Postby Moggalana » Sun Dec 27, 2009 8:42 pm

According to this site, Bhikkhu Analayo is currently working as a private lecturer at the University of Hamburg, doing research work at Dharma Drum Buddhist College (Taiwan), and teaching in Sri Lanka. But there is no direct contact information. His book does certainly sound interesting. It's already on my amazon wishlist, but maybe I'll wait for the German translation.
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Re: Satipatthana: the direct path to realization

Postby Ben » Sun Dec 27, 2009 8:53 pm

Thanks Moggalana
It might be worth waiting for the German translation - I take it that German is your native language?
The book is excellent but information dense and I imagine you'll find it easier to digest in your native language.
Thanks also for Ven Analayo's profile page at Uni of Hamburg and Dharma Drum Buddhist College. Manapa had already posted those earlier but I do appreciate the effort you have gone to to assist me.
metta

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Re: Satipatthana: the direct path to realization

Postby bodom » Sun Dec 27, 2009 11:50 pm

The heart of the path is SO simple. No need for long explanations. Give up clinging to love and hate, just rest with things as they are. That is all I do in my own practice. Do not try to become anything. Do not make yourself into anything. Do not be a meditator. Do not become enlightened. When you sit, let it be. When you walk, let it be. Grasp at nothing. Resist nothing. Of course, there are dozens of meditation techniques to develop samadhi and many kinds of vipassana. But it all comes back to this - just let it all be. Step over here where it is cool, out of the battle. - Ajahn Chah
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Re: Satipatthana: the direct path to realization

Postby Cittasanto » Mon Dec 28, 2009 2:47 am

hi Ben,
It would supprise me if he was a teacher of Goenka, although it wouldn't supprise me if he had in the past! or used goenkas style as a template of sorts to teach his style. I do hope someone finds a pdf of his 'lesson plan' it would be interesting to compare with my own practice (not like I don't need to push further :juggling: )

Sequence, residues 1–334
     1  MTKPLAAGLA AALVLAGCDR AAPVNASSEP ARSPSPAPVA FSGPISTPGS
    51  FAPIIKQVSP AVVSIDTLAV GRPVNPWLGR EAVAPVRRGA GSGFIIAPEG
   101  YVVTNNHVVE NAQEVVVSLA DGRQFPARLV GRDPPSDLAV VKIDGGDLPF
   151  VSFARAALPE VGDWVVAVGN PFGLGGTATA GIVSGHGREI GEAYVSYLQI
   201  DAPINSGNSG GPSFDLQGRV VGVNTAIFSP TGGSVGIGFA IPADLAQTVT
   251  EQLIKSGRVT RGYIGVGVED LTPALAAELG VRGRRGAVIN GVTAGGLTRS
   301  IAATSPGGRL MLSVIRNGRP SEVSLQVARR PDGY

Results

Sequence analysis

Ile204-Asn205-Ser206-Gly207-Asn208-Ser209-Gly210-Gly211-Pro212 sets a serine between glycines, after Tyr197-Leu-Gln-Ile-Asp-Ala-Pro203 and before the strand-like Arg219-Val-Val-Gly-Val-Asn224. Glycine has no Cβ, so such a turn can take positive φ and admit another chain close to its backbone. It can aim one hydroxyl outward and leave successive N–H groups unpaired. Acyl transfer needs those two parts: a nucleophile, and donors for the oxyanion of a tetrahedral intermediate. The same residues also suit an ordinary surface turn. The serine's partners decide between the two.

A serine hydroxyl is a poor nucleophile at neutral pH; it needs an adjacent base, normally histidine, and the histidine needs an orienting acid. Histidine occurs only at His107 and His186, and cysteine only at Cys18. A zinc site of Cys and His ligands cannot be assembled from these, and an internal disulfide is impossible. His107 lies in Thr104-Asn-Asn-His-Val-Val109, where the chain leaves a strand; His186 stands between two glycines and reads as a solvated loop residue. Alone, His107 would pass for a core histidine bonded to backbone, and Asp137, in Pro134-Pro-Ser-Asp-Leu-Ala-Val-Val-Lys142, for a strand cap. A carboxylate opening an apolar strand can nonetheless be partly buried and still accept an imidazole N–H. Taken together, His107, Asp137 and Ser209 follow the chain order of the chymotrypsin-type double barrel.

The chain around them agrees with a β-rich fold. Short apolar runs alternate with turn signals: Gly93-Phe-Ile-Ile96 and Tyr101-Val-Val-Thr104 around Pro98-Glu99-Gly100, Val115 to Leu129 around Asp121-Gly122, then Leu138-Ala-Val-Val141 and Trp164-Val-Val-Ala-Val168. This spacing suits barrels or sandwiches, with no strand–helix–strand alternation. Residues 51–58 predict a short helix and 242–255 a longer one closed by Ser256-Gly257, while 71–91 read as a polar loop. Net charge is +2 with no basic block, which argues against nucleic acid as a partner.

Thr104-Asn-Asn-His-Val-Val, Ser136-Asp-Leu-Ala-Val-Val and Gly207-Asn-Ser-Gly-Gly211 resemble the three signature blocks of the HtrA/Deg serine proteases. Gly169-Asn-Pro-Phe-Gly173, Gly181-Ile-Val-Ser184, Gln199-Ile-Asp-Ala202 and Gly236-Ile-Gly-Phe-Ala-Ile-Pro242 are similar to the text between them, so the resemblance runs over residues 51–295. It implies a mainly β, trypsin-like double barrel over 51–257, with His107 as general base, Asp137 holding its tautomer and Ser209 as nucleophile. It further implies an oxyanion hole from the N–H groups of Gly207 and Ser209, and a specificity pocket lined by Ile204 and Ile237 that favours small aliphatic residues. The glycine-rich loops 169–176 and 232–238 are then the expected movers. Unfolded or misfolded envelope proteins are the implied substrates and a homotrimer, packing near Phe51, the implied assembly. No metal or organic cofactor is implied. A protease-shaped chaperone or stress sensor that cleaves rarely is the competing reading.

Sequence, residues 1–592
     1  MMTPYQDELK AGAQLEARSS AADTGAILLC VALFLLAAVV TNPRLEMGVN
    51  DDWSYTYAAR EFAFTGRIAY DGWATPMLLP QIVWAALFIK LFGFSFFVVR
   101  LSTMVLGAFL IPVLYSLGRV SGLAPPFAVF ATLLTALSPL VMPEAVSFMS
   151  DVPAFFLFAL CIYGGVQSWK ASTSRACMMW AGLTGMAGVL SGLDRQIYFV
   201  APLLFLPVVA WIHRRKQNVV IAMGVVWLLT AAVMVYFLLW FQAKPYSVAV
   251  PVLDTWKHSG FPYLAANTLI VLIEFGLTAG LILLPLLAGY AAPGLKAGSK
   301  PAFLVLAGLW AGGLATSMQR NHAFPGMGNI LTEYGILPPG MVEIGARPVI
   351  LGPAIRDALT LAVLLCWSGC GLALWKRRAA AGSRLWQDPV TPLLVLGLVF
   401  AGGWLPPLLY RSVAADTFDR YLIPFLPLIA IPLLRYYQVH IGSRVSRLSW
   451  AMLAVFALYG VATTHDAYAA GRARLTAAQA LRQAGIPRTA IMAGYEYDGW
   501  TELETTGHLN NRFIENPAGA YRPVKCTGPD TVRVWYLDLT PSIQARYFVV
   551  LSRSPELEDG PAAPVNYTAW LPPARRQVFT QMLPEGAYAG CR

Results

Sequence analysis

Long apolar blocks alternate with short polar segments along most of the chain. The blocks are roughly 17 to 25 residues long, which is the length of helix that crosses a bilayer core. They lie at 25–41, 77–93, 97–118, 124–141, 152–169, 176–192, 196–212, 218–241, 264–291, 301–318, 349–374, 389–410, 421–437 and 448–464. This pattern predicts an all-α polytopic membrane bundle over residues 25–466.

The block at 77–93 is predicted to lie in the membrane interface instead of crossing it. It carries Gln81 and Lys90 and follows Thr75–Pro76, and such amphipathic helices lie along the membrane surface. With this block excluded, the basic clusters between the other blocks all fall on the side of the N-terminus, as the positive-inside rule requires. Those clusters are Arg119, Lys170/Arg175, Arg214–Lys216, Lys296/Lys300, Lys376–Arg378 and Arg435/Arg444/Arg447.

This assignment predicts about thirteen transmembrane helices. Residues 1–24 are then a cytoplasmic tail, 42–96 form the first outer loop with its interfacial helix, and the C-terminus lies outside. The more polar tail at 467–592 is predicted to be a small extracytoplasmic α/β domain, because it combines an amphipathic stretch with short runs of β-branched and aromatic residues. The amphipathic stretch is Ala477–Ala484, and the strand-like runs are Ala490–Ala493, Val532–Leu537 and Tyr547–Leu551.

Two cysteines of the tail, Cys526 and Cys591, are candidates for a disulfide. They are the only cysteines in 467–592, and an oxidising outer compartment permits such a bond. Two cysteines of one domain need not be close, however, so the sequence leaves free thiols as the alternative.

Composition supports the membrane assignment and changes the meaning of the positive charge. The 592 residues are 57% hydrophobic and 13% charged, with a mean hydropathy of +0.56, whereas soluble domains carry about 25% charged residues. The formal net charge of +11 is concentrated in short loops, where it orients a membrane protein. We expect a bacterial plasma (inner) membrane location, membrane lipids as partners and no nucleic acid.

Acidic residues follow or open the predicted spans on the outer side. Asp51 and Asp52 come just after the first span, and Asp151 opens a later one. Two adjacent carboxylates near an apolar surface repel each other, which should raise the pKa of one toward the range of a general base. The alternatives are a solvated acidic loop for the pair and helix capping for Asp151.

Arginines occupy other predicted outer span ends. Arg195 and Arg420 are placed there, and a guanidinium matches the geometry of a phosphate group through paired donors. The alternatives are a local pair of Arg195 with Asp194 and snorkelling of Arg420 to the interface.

This offering maybe right, or wrong, but it is one, the other, both, or neither!
With Metta
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Blog, - Some Suttas Translated, Ajahn Chah.
"Others will misconstrue reality due to their personal perspectives, doggedly holding onto and not easily discarding them; We shall not misconstrue reality due to our own personal perspectives, nor doggedly holding onto them, but will discard them easily. This effacement shall be done."
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Re: Satipatthana: the direct path to realization

Postby adeh » Mon Dec 28, 2009 2:51 am

Hi Ben, just to say that I've read the book four times in the last two years.....it's one of my favorites and a constant reference..I can't wait for him to write something else..with Metta, Adeh.
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Re: Satipatthana: the direct path to realization

Postby Rhino » Mon Dec 28, 2009 4:52 pm

Moggalana wrote:...but maybe I'll wait for the German translation.

I'm not sure if you know it. The publisher Beyerlein&Steinschulte announced to publish the book. Firstly it was announced for publishing in may 2009, but it was a few times deferred . It seems to be still work in progress.

Here the link for announcement:
http://www.buddhareden.de/vorschau.htm
With best wishes